Assessing academics’ third mission engagement by individual and organisational predictors

Verena Karlsdottir, Magnus Þór Torfason, Ingi Runar Eðvarðsson, Thamar Melanie Heijstra

Research output: Contribution to journalArticlepeer-review


In recent years, the coming of the entrepreneurial university has brought about a third role in academia, which involves greater visible exchange of academics with society and industry. In this paper, the authors investigate to what extent individual and organisational factors influence the propensity of academics to engage in different types of Third Mission (TM) activities. This study is based on a large-scale survey of academics in Iceland regarding engagement in socio-economic activities. The results indicate that “soft” activities such as community activities and external teaching and training can be better predicted by individual factors, while hard activities such as applied contract research and commercialisation can be better predicted by organisational factors. Overall, academics are most likely to participate in community-related activities. Hereby, academics from the STEM and health disciplines, with work experience outside of academia and who are open to new experiences are more likely to be engaged in applied contract research and commercialisation. Academics belonging to disciplines other than STEM and health sciences and those that on an average publish more peer-reviewed articles are more likely to disseminate their knowledge to a wider audience outside of academia through public science communication. Gender, rank, and teaching do not affect TM participation, but openness, performance, or discipline do.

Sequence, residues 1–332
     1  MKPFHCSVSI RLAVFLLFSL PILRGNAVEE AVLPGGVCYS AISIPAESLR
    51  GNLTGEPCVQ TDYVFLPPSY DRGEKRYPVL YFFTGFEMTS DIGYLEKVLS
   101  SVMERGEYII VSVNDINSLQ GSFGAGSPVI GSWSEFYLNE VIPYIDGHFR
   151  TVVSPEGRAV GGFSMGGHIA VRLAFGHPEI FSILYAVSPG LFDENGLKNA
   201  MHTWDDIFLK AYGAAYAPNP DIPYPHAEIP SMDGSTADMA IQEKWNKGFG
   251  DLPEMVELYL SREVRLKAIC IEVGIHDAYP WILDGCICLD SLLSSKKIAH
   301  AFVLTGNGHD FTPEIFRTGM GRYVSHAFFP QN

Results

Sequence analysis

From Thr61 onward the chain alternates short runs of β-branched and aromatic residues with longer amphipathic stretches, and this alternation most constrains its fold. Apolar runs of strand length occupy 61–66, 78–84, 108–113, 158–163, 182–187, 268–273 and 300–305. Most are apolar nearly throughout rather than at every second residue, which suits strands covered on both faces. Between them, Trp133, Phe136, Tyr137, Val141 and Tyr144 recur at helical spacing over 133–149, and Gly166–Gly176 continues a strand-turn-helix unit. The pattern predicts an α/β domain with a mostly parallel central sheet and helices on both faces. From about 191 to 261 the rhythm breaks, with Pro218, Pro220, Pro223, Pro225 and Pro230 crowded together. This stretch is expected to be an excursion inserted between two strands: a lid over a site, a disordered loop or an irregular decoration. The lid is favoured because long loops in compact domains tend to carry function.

Original languageEnglish
JournalAdministrative Sciences
Issue number1
Publication statusPublished - 29 Dec 2022

Other keywords

  • Third mission
  • entrepreneurial university
  • personality traits
  • commercialisation
  • contract research
  • science communication


Dive into the research topics of 'Assessing academics’ third mission engagement by individual and organisational predictors'. Together they form a unique fingerprint.

Cite this